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More than 100 members of the Harvard community rallied outside Massachusetts Hall on Thursday to deliver a petition calling for Harvard to divest from fossil fuels.
Divest Harvard, the group that organized the event, has collected over 1,300 signatures from students, faculty, and alumni since the movement began in September.
“The goal of today is to show President Faust and the Harvard Corporation that there is strong student support for divestment, and that the administration needs to take that support seriously,” said S. Krishnan Dasaratha ’13, one of the organizers of the event. “We hope that she or a member of the Corporation will accept our signatures and indicate willingness to have a conversation about divestment in good faith.”
Since February, Divest Harvard has met with the Corporation Committee on Shareholder Responsibility, a committee consisting of four members of the Harvard Corporation that helps to determine the University's stance on matters related to social responsibility.
The Corporation has previously voted on issues regarding investment, including the decision to divest from tobacco manufacturing companies in 1989, as well as from companies involved in oil production in Sudan in 2005 and 2006.
However, the Corporation has maintained that it does not want to use divestment as a political tool. The University’s website for its Shareholder Responsibility Committees reiterates a statement from when the Corporation decided to divest from Sudanese oil.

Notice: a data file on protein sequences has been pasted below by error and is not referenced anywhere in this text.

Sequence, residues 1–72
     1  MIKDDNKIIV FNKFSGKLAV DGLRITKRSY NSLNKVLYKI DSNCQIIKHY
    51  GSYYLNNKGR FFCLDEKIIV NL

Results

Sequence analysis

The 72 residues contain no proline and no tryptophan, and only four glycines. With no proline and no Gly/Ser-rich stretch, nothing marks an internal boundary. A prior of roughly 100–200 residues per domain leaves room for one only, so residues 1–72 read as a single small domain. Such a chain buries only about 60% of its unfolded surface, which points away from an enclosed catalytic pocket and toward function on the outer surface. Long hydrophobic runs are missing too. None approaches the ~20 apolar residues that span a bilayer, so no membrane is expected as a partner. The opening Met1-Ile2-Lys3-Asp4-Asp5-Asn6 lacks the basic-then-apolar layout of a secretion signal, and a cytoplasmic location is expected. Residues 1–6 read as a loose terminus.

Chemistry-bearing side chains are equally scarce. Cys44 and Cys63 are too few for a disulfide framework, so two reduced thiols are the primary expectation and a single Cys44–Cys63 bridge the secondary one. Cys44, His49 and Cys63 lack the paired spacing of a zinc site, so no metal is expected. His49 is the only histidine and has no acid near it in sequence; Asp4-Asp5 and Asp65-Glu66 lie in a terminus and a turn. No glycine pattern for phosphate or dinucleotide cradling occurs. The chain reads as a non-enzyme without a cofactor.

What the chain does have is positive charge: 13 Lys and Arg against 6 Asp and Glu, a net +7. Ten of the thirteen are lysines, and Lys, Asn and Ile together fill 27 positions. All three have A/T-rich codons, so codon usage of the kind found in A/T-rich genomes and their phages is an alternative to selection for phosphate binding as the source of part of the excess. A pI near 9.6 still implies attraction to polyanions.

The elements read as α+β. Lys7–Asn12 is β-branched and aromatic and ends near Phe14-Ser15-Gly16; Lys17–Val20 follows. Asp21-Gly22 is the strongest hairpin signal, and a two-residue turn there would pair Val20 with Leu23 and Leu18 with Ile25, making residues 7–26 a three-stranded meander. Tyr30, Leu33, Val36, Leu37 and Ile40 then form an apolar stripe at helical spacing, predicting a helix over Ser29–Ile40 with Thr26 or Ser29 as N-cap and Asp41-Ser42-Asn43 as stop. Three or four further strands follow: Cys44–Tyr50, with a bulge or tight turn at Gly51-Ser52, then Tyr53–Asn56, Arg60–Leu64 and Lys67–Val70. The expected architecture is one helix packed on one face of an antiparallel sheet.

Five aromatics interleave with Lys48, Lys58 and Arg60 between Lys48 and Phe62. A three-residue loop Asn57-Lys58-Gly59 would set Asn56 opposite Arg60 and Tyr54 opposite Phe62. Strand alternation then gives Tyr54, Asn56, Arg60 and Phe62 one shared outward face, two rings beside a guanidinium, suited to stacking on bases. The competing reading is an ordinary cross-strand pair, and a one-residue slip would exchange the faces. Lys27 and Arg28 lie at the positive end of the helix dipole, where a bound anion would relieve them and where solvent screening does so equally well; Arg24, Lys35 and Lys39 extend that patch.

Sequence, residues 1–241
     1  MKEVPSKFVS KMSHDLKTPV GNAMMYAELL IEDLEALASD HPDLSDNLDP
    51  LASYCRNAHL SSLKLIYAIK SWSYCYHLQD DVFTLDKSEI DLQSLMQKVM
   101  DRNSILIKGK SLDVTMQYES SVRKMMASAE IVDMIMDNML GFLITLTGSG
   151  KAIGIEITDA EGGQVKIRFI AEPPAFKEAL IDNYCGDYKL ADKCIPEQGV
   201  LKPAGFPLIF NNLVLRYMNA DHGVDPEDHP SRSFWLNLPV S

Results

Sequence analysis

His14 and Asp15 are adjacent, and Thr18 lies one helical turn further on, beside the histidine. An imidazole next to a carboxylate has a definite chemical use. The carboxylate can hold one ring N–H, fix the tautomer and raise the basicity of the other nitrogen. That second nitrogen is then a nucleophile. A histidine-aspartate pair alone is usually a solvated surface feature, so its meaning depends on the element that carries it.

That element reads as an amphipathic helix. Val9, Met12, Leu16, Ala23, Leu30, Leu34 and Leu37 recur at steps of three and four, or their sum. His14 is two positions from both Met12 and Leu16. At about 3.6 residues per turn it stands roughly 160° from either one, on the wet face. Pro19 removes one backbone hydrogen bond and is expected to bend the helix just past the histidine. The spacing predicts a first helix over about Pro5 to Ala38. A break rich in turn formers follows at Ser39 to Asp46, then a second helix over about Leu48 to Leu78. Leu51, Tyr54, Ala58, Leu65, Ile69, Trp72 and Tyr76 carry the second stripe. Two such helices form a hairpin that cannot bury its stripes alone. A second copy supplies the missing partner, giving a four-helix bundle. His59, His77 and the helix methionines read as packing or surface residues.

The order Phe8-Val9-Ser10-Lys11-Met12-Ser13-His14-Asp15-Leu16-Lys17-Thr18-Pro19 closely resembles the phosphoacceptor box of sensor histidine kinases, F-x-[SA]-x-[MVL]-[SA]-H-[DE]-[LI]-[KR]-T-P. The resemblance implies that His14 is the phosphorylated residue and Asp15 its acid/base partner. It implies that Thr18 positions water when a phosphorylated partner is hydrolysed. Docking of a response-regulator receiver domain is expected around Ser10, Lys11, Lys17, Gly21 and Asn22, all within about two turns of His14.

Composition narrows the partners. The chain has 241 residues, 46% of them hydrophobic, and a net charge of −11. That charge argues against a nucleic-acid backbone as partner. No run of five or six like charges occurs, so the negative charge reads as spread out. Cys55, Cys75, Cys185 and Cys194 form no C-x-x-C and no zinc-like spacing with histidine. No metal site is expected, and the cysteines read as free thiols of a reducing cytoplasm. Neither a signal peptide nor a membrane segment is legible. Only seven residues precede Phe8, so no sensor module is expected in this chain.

“The University is first and foremost an academic institution,” the statement reads.
As indicated by a referendum on the Undergraduate Council election ballot in November, students have expressed their interest and concern about the issue,
UC President Tara Raghuveer ’14 said that 72 percent of the voters voiced their support for divestment.
During Thursday’s rally, protesters marched around Massachusetts Hall and chanted, “We are the movement! We want divestment! We will not stop, we have the power!”
David W. Keith, a professor of applied physics and of public policy, who also spoke at the rally, acknowledged the importance of divestment, but suggested alternative ways that students could help the environment. Keith recommended making the campus more sustainable, as well as cutting coal fuel emissions nationwide.
Many student protesters said that they came out to demonstrate the gravity of the issue.
“The choices we make in our lifetime are going to affect the human race profoundly for thousands of years,” said Benjamin Franta, a graduate student and co-coordinator for Divest Harvard. “It is not just an economic challenge; it is a moral challenge.”
At 4:37 p.m., Marc L. Goodheart ’81, secretary of the Harvard Corporation and University vice president, came out of Massachusetts Hall to collect the petition.
—Staff writer Indrani G. Das can be reached at email@example.com. Follow her on Twitter @IndraniGDas.
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